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February 5, 2024Boston, MA, United StatesEnforcement and Removal

ERO Boston arrests previously removed Mexican citizen convicted of child rape and prostitution charges

BOSTON — Enforcement and Removal Operations (ERO) Boston arrested a previously removed foreign national Jan. 25 in Lynn who had been locally convicted of child rape and prostitution charges.

ERO Boston made the apprehension as part of a recent national immigration enforcement effort where U.S. Immigration and Customs Enforcement (ICE) ERO officers apprehended 171 unlawfully present noncitizens with pending charges or convictions for murder, homicide or assault against children. The nationwide law enforcement effort ran from Jan.16 through Jan. 28.

“ERO Boston remains committed to finding and removing predators such as this from our New England neighborhoods,” said ERO Boston Field Office Director Todd M. Lyons. “Our officers were able to locate and arrest this individual who has already proven to be a threat to children. Despite having been previously removed by ICE, he found his way back to the United States, falsely believing he could reside in Massachusetts without repercussions. ERO Boston will not allow that to happen.”

The 42-year-old Mexican citizen, who also holds Guatemalan citizenship, unlawfully entered the United States at an unknown location, on an unknown date prior to December 2004, without being inspected or admitted by a U.S. immigration official.

He was convicted of rape of a child and sentenced to prison by a criminal court in Kent County, Delaware, in 2004. Following his time in a Delaware state prison for that offense, the he was removed by immigration authorities in December 2006.

He later unlawfully reentered the United States on an unknown date at an unknown location without being inspected or admitted by a U.S. immigration official.

On Nov. 3, 2015, he was convicted of sexual conduct for a fee in a criminal court in Lynn. Under Massachusetts state law, the offense of sexual conduct for a fee — commonly known as prostitution or solicitation — makes it a crime to engage in sex or a sexual act with any person in exchange for a fee and to engage in sex or any sexual act with a minor in exchange for a fee.

After ERO Boston confirmed his presence in its area of responsibility, deportation officers arrested him without incident in Lynn on Jan. 25.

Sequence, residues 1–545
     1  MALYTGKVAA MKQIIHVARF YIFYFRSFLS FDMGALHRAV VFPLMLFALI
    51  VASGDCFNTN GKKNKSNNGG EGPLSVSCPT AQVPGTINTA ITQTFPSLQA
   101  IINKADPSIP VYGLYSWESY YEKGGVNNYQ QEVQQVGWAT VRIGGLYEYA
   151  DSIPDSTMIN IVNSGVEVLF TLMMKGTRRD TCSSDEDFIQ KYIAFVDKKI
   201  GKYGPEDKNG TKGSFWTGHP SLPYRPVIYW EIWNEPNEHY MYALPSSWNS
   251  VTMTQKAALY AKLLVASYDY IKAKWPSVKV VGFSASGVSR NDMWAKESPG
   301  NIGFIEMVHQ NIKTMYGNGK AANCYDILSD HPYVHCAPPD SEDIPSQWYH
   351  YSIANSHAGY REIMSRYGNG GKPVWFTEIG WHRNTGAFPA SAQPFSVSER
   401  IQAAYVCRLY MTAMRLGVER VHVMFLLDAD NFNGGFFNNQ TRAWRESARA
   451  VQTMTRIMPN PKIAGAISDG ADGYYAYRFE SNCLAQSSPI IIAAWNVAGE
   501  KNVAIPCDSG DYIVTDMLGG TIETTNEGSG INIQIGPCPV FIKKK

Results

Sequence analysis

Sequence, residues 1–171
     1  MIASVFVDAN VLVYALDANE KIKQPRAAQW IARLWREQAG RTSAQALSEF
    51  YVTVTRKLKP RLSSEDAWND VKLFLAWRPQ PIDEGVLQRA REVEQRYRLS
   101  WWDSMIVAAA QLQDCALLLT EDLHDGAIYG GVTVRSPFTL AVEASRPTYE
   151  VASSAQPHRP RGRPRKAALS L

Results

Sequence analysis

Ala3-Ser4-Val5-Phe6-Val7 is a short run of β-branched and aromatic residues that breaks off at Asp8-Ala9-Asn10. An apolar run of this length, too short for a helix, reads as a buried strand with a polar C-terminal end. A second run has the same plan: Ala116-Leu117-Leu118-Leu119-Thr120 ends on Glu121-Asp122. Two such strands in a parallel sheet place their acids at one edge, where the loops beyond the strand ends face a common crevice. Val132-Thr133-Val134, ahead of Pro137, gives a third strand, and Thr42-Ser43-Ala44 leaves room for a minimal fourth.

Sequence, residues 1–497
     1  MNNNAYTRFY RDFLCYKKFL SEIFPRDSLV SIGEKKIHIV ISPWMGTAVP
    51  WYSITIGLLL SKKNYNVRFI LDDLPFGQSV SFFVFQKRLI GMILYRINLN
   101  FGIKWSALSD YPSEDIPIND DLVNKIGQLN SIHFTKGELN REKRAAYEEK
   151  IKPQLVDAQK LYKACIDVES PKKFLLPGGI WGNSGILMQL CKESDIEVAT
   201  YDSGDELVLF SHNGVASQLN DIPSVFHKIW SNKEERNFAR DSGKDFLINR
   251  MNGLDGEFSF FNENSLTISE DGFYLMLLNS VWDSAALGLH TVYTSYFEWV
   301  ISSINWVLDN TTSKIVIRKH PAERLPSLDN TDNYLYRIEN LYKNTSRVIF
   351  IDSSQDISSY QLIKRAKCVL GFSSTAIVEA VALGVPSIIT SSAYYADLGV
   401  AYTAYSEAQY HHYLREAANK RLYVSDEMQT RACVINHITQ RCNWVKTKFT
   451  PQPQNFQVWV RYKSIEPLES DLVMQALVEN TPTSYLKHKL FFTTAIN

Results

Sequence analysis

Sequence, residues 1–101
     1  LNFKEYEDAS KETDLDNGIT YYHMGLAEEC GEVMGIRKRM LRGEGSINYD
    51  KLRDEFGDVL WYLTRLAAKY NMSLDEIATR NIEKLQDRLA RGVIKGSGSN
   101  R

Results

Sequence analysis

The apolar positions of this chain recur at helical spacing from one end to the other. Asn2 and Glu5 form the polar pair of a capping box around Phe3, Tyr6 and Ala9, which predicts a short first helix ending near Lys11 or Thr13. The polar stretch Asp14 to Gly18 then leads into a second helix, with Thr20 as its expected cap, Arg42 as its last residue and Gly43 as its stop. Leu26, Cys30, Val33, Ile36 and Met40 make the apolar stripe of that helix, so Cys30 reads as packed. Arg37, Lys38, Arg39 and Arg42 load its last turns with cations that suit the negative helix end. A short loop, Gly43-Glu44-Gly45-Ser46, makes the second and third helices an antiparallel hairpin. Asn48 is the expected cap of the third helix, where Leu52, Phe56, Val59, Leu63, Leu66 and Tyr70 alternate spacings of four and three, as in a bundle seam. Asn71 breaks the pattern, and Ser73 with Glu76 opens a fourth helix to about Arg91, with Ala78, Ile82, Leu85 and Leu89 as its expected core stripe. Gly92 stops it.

He will remain in ICE custody pending his removal from the United States. ERO Boston will seek his removal through reinstatement of a prior final order of removal issued by a federal immigration judge with the U.S. Department of Justice’s Executive Office for Immigration Review (EOIR).

Noncitizens placed into removal proceedings receive their legal due process from federal immigration judges with the EOIR. EOIR is an agency within the U.S. Department of Justice and is separate from the Department of Homeland Security and ICE. Immigration judges in these courts make decisions based on the merits of each individual case. ICE officers carry out removal decisions made by federal immigration judges.

In fiscal year 2023, ERO made 170,590 administrative arrests, a 19.5% increase over the previous year. ERO arrested 73,822 noncitizens with a criminal history; those arrested had an average of four charges and convictions per individual, including more than 33,209 charges or convictions for assault, 7,520 for weapons offenses, 1,713 for homicide-related offenses, and 1,615 for kidnapping. Removals also included 3,406 known or suspected gang members, 139 known or suspected terrorists, seven human rights violators, and 108 foreign fugitives wanted by their governments for crimes including homicide, rape, terrorism and kidnapping. Also in fiscal year 2023, ERO conducted 142,580 removals to more than 170 countries worldwide.

As one of ICE’s three operational directorates, ERO is the principal federal law enforcement authority in charge of domestic immigration enforcement. ERO’s mission is to protect the homeland through the arrest and removal of those who undermine the safety of U.S. communities and the integrity of U.S. immigration laws, and its primary areas of focus are interior enforcement operations, management of the agency’s detained and non-detained populations and the repatriation of noncitizens who have received final orders of removal. ERO’s workforce consists of more than 7,700 law enforcement and non-law enforcement support personnel across 25 domestic field offices and 208 locations nationwide, 30 overseas postings and multiple temporary duty travel assignments along the border.

Members of the public can report crime and suspicious activity by calling 866-347-2423 or completing the online tip form.

Learn more about ICE’s mission to increase public safety in your community on X, formerly known as Twitter, @EROBoston.